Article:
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  • Report this Comment On March 01, 2013, at 7:50 PM, ausheds1 wrote:

    Mines to magnets is a wonderful business plan but is it appropriate to the Mt Pass product suite? With 50% Ce & 32% La relative to 12% Nd & 4% Pr the bulk of Mt Pass production is destined to the low value polishing, autocat & FCC markets with a relatively small 16% available for magnets, and Mt Pass has virtually none of the key, and most valuable, magnet material in Dy. I'd suggest that was one of the reasons Hitachi walked earlier.

    It is difficult to understand how Moly adds value to Neo's JV operations inside China when they are able to purchase Nd at domestic prices $52.88kg v ROW $80kg. Moly needs to ship Nd behind China's quota, tax & tariff barrier and compete at much lower prices. Even with Neo Canada they need to compete with market price and cannot supply the key Dy component.

    To produce meaningful amounts of magnet material Moly have scaled the Mt Pass plant to a colossal 40ktpa at a cost of $1.42B to date, it is not yet complete. That capacity probably exceeds total global RE demand circa 20% ATM, a fact that now has been recognised with the postponement of Phase 2, the second 20ktpa.

    While the key component of Moly's low cost claims, the Chlor Alkali plant, is not yet operational and their tech is unproven the simple fact remains that Mt Pass is massively over capitalised to 82% low value Ce/La & only 16% Nd/Pr, with dubious potential for value add without adding to Neo's cost base.

    To illustrate Moly's dilemma, Mt Pass will produce 10ktpa Ce at the Phase 1 run rate. The major market Japan/Sth Korea is only importing 5ktpa of RE for polishing, and Moly will be competing with Lynas's signed offtake agreement with Japan, & the total US RE market is only 10.5ktpa. Moly recognised this problem at the outset and tried to deal with it's excess Ce through SorbX but this appears to have gone nowhere.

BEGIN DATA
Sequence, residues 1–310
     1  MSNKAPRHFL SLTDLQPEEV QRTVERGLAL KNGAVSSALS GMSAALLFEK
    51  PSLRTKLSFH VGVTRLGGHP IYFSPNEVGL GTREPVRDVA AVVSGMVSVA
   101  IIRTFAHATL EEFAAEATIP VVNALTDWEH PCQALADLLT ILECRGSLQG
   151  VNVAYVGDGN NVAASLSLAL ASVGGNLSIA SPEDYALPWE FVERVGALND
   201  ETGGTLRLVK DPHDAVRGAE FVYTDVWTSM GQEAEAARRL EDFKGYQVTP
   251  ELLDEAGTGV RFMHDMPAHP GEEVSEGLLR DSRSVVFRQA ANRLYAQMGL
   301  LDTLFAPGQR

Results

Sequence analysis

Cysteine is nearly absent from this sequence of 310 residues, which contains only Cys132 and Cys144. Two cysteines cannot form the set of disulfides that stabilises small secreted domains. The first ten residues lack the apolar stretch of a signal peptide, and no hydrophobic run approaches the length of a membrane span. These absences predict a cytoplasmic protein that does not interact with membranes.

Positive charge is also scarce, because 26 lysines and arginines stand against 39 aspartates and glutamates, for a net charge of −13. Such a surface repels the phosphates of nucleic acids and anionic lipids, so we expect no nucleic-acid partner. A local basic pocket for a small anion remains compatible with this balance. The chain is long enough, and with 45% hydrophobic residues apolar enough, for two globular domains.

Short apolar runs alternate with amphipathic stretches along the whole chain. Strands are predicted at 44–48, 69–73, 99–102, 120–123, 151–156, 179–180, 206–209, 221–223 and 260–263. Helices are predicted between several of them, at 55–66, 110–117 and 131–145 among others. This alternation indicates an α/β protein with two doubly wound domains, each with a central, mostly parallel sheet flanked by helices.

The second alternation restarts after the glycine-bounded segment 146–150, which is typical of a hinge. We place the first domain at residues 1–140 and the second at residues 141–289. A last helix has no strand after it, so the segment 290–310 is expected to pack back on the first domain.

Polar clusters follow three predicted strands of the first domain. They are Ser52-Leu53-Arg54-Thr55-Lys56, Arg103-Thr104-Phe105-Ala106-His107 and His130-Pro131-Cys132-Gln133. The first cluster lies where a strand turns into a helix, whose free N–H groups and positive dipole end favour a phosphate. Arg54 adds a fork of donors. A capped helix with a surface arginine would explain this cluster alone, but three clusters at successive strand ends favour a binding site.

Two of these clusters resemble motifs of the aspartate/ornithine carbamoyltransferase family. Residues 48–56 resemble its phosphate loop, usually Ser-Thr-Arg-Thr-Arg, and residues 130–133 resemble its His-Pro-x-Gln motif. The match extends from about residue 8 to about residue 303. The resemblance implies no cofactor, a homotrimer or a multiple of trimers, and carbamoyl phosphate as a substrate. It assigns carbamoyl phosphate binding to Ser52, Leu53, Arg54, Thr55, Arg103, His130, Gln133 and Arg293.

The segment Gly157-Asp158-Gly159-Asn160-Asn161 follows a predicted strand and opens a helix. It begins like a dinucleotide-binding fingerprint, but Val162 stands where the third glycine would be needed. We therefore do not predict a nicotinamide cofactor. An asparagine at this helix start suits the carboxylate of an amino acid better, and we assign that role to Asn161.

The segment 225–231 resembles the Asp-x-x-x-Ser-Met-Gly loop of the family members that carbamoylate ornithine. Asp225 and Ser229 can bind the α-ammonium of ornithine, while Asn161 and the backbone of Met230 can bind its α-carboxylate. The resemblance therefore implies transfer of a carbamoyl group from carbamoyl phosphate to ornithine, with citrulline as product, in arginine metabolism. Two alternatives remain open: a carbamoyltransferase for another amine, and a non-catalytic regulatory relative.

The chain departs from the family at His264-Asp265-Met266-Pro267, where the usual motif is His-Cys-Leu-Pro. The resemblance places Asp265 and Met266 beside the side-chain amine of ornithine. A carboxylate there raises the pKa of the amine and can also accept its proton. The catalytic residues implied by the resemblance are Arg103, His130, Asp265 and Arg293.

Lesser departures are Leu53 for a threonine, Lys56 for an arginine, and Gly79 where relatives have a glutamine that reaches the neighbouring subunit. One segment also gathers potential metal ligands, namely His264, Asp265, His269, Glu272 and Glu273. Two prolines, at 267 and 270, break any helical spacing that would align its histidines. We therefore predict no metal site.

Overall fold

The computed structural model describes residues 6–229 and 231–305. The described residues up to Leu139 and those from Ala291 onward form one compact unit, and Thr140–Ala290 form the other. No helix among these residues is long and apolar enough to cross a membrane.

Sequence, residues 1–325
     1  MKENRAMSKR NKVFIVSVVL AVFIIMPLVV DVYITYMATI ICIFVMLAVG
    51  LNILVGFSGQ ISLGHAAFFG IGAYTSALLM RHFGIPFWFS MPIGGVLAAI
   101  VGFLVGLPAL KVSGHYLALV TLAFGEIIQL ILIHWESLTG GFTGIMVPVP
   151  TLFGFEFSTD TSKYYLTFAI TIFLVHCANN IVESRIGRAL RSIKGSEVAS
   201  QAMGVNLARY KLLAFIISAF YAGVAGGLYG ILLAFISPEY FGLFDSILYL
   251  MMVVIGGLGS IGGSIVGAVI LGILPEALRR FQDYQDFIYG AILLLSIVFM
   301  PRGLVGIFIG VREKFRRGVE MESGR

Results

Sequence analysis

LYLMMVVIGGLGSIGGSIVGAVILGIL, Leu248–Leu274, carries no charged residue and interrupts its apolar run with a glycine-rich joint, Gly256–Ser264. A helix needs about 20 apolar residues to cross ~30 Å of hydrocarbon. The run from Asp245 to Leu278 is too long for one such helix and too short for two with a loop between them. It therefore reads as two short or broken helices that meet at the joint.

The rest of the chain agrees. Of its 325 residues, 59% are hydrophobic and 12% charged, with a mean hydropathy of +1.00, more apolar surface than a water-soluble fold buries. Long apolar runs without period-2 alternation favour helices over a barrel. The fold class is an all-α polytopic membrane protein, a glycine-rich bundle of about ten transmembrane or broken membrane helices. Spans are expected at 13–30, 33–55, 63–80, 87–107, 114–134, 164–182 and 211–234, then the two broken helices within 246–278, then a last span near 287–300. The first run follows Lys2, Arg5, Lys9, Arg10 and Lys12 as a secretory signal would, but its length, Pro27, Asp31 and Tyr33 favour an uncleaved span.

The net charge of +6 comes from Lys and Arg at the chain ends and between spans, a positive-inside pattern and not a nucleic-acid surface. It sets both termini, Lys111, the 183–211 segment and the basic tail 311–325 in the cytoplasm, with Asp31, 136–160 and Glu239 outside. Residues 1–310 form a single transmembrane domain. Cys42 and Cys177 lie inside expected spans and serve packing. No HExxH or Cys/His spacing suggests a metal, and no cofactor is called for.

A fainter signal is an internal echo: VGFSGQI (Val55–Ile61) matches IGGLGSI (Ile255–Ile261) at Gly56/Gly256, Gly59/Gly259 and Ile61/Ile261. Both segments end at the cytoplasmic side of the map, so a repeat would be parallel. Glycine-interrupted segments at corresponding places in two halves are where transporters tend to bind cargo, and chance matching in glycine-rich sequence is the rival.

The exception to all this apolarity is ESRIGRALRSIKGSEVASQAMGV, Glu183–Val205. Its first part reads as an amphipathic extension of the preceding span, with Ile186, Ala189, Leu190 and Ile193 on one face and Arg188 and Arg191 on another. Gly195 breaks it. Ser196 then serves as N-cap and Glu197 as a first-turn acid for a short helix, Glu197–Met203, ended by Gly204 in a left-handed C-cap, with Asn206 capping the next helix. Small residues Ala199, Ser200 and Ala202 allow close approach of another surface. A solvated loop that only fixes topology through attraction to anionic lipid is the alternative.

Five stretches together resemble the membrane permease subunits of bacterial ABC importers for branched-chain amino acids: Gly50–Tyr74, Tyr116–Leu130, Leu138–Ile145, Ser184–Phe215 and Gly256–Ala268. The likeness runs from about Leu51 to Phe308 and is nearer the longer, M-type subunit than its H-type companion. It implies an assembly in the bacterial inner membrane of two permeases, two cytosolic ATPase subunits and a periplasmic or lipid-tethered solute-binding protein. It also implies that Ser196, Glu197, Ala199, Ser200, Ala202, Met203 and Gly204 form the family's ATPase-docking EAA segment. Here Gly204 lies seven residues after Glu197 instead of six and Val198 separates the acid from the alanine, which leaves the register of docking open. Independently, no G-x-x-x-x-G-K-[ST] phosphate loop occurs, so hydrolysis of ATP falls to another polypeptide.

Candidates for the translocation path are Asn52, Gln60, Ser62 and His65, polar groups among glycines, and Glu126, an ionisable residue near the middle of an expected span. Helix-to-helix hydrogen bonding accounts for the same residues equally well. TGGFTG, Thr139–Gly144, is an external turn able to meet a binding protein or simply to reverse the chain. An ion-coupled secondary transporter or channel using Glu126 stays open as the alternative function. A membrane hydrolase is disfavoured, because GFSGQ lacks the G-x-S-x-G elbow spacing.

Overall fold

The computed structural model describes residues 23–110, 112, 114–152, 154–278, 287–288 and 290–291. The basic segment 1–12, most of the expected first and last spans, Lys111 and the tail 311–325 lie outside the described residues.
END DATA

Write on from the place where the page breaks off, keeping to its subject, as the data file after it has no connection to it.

Moly appears to have vastly over capitalised a low value product suite (at $26kg basket it is the second lowest of 54 recognised deposits) without identifying a market, let alone a profitable one, for the vast bulk of it's production. In trying to band aid the situation with a grab bag of final processing assets, directed at only 16% of production, they have compounded the situation with $1.8B of liabilities plus the recent $300M of dilution & debt.

    Nowhere have I seen a creditable business plan to turn the above into a cash positive operation and with little chance of any near term prices increases anywhere near sufficient to drag them out of the whole they have dug.

    If Moly is able to reach Ph 1 capacity they will produce 2700tpa Nd/Pr by comparison Lynas have built a 22ktpa plant for $800M, with a "soft" loan from the Japanese Govt. of $200M, capable of producing 5400tpa Nd/Pr + 26tpa Dy. Lynas plans to leverage a portion of this through a 45/55% JV with Siemens for magnet production.

    Lynas also has another 5000tpa Nd/Pr + 300tpa Dy potential from it's Duncan deposit.

    With the ROW RE market currently only 35ktpa and weak demand Moly does not have a lot of time to get it's business plan sorted out and present some credible strategy for return to positive cash flow, sans bubble prices.

    A break up between Molymet & a Con K consortium is looking the most likely outcome IMO.

  • Report this Comment On March 06, 2013, at 10:32 PM, skypilot2005 wrote:

    Sinchi,

    Off topic but, my "Value Detector" was ringing this AM.

    I pulled the trigger on HL @ $4.01 today.

    Proposed Aurizon purchase has really driven the shares down.

    Greens Creek & Luck Friday in five years even without Aurizon = Big potential.

    I. M. O.

    Sky